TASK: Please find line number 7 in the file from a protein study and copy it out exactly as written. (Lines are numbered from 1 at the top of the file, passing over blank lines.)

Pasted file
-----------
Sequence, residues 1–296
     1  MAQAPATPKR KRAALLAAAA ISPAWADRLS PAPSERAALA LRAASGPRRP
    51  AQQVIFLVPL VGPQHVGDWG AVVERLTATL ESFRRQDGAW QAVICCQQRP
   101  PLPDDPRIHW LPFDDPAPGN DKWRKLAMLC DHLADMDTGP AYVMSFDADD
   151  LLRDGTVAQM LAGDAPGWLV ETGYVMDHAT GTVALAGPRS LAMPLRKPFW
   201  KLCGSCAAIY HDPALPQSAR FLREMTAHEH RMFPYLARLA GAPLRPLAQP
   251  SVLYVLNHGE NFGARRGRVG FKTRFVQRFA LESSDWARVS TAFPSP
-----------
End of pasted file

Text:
   251  SVLYVLNHGE NFGARRGRVG FKTRFVQRFA LESSDWARVS TAFPSP